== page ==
AN EVENING AT MONKEY BAR
I finally made it to The Monkey Bar. What a coincidence: I dined at the latest incarnation of The Monkey Bar in the same week as the New York Times published an article about such restaurants, titled, “A Vision of the City as It Once Was”. There is a zeitgeist in the New York restaurant world right now, and I’ve been thinking about it hard; it looks like I am not the only one.
In a time when many of the old-time restaurants are dying or being killed off, restaurateurs and would-be restaurateurs are suffering pangs of nostalgia for the old days, or, more importantly, what they think the old days were, or should have been. The Plaza’s Oak Room, Minetta Tavern, Waverly Inn and, the reason for the article, the Lion, are all loving re-creations of days-gone-by.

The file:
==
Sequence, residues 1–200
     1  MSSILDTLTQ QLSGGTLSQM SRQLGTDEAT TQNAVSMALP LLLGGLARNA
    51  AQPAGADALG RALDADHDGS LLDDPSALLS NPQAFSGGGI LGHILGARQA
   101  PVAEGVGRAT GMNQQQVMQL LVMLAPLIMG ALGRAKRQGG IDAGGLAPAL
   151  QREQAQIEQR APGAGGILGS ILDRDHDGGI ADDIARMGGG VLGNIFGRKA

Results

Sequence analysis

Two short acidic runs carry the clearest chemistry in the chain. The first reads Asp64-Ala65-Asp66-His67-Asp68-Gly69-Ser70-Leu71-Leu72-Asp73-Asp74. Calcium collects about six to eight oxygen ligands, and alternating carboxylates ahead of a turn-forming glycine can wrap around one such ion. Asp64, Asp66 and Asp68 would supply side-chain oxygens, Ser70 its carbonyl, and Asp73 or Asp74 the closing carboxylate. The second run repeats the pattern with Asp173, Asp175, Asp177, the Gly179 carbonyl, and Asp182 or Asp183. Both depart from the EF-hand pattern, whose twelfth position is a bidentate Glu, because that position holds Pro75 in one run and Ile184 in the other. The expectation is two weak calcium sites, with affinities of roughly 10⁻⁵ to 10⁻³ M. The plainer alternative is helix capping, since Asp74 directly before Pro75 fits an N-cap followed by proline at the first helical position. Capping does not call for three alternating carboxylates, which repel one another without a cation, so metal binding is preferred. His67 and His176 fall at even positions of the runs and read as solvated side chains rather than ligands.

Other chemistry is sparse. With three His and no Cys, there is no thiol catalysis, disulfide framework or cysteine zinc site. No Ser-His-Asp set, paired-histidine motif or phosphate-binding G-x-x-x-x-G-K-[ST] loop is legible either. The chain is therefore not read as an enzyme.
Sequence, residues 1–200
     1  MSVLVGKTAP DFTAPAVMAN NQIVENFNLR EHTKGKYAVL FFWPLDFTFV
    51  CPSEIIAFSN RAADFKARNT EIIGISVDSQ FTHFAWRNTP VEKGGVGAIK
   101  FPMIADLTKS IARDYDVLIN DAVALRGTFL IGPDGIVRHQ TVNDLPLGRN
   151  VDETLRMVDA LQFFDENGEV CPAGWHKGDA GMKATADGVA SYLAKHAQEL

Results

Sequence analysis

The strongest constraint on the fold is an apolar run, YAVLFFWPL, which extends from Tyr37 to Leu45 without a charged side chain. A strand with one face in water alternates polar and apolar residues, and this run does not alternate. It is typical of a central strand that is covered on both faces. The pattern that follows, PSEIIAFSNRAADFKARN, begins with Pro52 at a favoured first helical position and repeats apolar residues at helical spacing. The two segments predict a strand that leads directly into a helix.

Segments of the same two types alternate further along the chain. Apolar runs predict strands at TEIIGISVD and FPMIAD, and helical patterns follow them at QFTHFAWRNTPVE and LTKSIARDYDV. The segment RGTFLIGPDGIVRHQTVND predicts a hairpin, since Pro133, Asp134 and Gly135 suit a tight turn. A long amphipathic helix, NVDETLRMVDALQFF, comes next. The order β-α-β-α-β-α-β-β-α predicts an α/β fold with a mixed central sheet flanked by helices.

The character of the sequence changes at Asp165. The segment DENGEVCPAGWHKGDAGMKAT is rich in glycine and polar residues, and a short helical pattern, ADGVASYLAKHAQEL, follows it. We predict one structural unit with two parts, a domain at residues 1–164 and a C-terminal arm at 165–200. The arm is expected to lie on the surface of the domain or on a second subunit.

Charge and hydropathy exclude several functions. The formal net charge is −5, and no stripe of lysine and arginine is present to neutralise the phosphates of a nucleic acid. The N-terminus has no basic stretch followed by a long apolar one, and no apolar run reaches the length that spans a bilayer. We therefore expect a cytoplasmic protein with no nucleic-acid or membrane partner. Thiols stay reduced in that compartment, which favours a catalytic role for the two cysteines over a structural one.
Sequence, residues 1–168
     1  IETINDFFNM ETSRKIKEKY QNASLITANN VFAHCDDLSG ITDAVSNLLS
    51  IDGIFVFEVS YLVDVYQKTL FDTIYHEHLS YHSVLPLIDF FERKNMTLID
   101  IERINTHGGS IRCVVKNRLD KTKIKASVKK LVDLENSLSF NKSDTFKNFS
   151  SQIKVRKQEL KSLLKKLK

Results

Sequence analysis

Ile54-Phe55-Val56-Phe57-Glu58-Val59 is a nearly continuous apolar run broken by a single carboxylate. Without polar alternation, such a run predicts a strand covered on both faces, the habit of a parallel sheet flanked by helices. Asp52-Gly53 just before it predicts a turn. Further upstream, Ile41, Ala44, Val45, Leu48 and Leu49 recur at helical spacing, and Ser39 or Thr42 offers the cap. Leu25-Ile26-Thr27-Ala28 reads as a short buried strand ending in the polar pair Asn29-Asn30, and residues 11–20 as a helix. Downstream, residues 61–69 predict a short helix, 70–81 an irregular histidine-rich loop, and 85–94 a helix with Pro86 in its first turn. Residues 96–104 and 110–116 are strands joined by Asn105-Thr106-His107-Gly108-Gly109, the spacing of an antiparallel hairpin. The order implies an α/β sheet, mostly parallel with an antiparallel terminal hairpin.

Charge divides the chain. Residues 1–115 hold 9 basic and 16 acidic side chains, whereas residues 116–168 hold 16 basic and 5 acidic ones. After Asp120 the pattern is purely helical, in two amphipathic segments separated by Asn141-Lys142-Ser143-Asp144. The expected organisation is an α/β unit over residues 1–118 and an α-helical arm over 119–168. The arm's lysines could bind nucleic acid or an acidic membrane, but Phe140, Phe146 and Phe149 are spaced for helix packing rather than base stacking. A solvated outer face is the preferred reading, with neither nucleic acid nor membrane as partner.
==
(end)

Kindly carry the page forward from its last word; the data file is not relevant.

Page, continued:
“Gentrification over the past quarter-century has killed so many old dinner spots,” Graydon Carter was quoted in the article. “I think it’s important to give people an alternative to the chic place-of-the-moment look so prevalent with new ones.”
So, I got all gussied up and swanned into the Monkey Bar last week. After walking through the spacious bar and lounge, I was greeted by a handsome, flop-haired young man (25 years old, I’d say), who was exceedingly happy to see me. It turns out that he’s the son of the actor Peter Coyote, and he’s full of charm.